Not yet settled in his career as a prominent literary agent, Mort in the autumn of 1961 was drawn to the romantic lantern light flickering in the gardens of Camelot. Perceiving politics as a noble calling, he thought ro run for a soon-to-become-vacant seat in the House of Representatives reserved for a tribune of the people from Manhattan’s Lower East Side.
Three of the party chieftains invited Mort to lunch at a French restaurant on West Fifty-seventh Street. They weren’t interested in his views on taxes or civil rights, didn’t care whether he’d read Uncle Tom’s Cabin and George Washington’s Farewell Address. Mort’s credentials as a candidate were adequate to the purpose presentable, articulate, familiar with the issues, no prior criminal arrest-but before agreeing to underwrite his campaign they set him a test of his aptitude for the art of democratic politics.
He was asked to imagine that for six months he’d been selling himself on street corners, that the campaign speech had gone stale in his mouth, that he was sick of his own voice and tired of telling lies, that he no longer could see the humor in the questions asked by newspaper reporters looking for him to fall off a podium or forget the name of the president of Mexico.
The party has promised him that on Columbus Day he gets the day off. He can stay in bed with his wife, talk to his children, maybe watch a movie or go for a walk in Central Park. Columbus Day dawns, and a volunteer telephones to say that a car will be out front in twenty minutes.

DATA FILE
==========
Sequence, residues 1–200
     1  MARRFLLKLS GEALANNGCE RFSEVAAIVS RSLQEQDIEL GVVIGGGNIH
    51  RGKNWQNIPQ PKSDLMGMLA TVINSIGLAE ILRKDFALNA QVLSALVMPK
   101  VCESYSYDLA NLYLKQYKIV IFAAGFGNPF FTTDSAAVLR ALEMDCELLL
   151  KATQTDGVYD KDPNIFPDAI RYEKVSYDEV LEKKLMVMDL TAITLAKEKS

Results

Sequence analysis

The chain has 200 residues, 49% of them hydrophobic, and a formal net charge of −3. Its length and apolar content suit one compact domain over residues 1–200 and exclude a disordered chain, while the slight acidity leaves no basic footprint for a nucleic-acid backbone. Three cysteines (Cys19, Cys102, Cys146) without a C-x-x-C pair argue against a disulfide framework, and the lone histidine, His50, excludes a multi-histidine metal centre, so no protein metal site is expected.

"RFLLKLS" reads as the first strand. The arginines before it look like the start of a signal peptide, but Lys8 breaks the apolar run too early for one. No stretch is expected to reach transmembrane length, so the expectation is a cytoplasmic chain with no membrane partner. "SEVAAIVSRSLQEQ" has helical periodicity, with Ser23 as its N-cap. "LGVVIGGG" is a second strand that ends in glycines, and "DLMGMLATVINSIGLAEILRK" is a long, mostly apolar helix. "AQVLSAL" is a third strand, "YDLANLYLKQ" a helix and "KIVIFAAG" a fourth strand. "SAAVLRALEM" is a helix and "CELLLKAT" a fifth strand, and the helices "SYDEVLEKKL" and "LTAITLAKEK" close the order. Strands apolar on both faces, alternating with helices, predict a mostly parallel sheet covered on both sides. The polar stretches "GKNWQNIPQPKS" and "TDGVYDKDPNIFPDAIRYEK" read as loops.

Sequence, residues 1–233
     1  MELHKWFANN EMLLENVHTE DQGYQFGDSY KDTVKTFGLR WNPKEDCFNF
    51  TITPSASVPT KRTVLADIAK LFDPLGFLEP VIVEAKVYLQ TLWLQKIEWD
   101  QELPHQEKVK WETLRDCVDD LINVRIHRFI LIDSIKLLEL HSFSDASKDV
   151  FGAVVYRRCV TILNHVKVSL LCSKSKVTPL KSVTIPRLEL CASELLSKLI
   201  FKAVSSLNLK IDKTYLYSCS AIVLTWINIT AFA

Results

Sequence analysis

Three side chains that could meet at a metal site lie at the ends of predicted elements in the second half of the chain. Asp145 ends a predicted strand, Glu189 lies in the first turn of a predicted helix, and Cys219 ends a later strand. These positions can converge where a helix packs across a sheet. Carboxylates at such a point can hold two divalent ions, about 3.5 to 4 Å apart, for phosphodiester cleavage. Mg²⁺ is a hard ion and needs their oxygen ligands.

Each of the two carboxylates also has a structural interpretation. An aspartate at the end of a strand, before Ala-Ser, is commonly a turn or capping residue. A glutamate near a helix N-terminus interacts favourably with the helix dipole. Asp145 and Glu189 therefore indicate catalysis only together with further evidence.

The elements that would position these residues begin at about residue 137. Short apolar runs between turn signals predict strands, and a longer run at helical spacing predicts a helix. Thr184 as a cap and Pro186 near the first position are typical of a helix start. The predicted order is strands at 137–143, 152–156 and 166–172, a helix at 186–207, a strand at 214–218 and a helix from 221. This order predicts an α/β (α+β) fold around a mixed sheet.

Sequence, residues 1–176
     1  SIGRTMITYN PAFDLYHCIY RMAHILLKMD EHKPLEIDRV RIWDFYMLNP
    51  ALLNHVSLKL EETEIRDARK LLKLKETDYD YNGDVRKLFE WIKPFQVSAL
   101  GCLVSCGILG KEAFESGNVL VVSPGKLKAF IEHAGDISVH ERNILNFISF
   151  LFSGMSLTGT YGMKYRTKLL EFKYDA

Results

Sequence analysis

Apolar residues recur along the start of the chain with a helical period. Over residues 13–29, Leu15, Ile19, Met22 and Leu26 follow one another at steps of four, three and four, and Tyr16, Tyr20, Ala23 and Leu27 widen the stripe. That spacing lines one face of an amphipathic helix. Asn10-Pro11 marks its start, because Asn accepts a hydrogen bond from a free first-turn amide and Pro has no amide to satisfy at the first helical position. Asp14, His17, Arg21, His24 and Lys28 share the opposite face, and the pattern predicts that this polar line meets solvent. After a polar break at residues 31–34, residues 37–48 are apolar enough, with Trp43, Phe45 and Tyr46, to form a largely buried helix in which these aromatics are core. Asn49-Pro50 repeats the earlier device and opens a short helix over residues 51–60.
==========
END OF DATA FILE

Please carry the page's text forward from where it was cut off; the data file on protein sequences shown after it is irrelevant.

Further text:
The schedule has Mort at the head of a parade marching through Little Italy between 8:00 A.M. and noon. He gets to wear a red-white and-blue sash and carry the cross of San Gennaro. It’s raining.
Mort’s examiners didn’t doubt that he would march in the parade (for Jack Kennedy and the New Frontier if not for Columbus and San Gennaro), but would he want to march in the parade?
“No,” said Mort, “not really.”
“Then don’t waste your time or ours, because that’s all that it’s about-waving and smiling and a crowd of maybe fifty people, some of whom speak English.” The committee ordered cognac, offered Mort a cigar, and drank a toast to the beginning, middle, and end of his political career.
முழுவதும் வாசிக்க: "Hearts of gold" by Lewis H. Lapham (Harper's Magazine)